A new art exhibit in Chicago by New Orleans-based artist Ti-Rock Moore that displays a life-sized mannequin of Michael Brown’s dead body has received criticism from visitors and activists.
The exhibit depicts Brown laying on the ground surrounded by police tape as a looping video of Eartha Kitt singing "Angelitos Negros” plays in the background.
August will mark the one-year anniversary since the fatal shooting of Brown by former Ferguson police officer Darren Wilson. Brown’s death immediately prompted protests around the country as demonstrators cried “Hands up, don’t shoot” and “black lives matter,” which evolved into a larger scale movement in the year since.
The mannequin replicating Brown as he lay in the street has received negative feedback from activists, local residents and even Brown’s father.
Moore discussed the exhibit prior to the opening. “There are many artists coming out of this movement and we’re activists and we’re just expressing and we happen to be expressing through visual art,” Moore told WGN-TV before the exhibit opened. “But we know that the arts are very healing and so I think it’s self-help for many people.”
Lesley McSpadden, Brown’s mother, attended the exhibit’s opening reception on July 10. According to a report from The Guardian, McSpadden was under the impression that the piece depicting her son’s dead body was a photo, not a life-sized mannequin, and the recreation of her son’s body was covered during her visit per her request.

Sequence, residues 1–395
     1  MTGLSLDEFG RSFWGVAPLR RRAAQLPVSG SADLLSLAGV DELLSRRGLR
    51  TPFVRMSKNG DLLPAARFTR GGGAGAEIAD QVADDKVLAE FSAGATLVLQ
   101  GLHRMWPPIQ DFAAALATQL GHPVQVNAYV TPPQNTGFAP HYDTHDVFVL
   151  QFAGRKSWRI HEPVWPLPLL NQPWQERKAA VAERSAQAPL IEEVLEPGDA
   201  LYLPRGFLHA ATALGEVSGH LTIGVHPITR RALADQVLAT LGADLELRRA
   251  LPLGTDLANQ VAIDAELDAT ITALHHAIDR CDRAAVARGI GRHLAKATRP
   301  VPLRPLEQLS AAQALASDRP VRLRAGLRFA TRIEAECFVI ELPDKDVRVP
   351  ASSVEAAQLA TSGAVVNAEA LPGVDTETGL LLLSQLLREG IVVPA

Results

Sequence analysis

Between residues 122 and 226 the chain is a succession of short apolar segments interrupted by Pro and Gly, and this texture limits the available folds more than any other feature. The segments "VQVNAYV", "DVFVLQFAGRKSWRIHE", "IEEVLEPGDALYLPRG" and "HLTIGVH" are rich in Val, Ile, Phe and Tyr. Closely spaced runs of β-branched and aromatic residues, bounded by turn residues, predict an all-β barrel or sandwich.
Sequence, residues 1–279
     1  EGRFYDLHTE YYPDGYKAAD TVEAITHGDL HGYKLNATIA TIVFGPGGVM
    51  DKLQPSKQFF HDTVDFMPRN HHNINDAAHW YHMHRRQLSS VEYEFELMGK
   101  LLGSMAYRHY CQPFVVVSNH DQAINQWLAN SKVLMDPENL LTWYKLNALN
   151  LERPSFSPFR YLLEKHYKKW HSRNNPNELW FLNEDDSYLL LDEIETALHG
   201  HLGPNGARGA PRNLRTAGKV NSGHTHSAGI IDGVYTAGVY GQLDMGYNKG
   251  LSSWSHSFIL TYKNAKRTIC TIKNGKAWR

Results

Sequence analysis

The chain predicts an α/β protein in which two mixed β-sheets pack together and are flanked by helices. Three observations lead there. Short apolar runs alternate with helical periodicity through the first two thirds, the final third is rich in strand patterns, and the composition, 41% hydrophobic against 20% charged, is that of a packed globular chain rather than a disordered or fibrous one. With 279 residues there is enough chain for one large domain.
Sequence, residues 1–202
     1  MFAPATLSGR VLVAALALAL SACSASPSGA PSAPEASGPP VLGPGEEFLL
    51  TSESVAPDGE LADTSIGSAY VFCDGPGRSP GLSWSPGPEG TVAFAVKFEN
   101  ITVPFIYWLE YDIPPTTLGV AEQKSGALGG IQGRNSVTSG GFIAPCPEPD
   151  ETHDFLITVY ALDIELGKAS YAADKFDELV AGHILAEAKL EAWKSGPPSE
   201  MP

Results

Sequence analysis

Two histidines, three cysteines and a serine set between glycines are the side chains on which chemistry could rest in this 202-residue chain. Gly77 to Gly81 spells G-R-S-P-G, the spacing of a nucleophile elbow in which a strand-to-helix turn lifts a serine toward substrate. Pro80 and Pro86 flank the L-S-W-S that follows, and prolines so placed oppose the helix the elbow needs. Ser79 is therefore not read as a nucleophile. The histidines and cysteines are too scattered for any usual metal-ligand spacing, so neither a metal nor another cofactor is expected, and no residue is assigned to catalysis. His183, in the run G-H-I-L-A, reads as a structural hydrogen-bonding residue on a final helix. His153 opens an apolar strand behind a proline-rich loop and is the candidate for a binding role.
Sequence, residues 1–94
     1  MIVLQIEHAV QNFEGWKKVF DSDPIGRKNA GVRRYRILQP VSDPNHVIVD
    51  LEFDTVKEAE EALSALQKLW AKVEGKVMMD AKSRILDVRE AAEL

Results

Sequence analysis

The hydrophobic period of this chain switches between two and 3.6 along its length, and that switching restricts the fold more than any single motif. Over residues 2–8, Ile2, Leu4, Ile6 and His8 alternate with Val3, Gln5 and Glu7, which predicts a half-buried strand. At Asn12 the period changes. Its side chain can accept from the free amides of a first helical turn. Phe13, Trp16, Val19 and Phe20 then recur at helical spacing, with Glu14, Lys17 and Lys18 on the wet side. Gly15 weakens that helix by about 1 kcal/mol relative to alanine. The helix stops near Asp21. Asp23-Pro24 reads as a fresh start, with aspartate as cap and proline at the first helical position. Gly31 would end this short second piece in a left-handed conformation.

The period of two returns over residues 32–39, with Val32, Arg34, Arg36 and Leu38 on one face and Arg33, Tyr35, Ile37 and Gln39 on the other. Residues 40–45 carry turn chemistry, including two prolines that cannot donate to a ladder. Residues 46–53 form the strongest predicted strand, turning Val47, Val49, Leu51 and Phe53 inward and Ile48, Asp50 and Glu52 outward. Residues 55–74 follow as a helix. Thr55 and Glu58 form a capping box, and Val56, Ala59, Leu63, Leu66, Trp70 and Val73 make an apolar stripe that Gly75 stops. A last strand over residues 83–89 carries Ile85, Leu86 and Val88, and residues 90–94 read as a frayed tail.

According to Andre Guichard, a co-owner of the gallery, Brown’s father hasn’t seen the exhibit, and he said the gallery has made several attempts to contact him. Brown told FOX2 that no one from the gallery has extended an offer to view the exhibit.
“Most people who have an opinion haven’t seen the exhibit,” Guichard told The Huffington Post. “It’s still about treating people humanely.”
Critics and activists are calling out Moore for exploring the poisons of white privilege by exemplifying her own.
Activist Johnetta “Netta” Elizie visited the exhibit, calling the display “offensive and lazy.”
Kirsten West Savali, cultural critic and senior writer at The Root wrote that Moore’s work is "a crude plagiarism of Darren Wilson’s brutality.”
Though critics believe the gallery should remove the exhibit, Guichard stands by the artwork.
“Our goal is to continue the conversation about race,” Andre Guichard said. “Even though Ti-Rock is not black, she does have an opinion on injustices.”
The replica of Brown’s body isn’t for sale.
“Our best gift to foundation is to continue the conversation around the foundation,” Guichard said. “We’ve also decided any work that sells, we’ll donate a portion to the foundation."
The exhibit will run through August 10.
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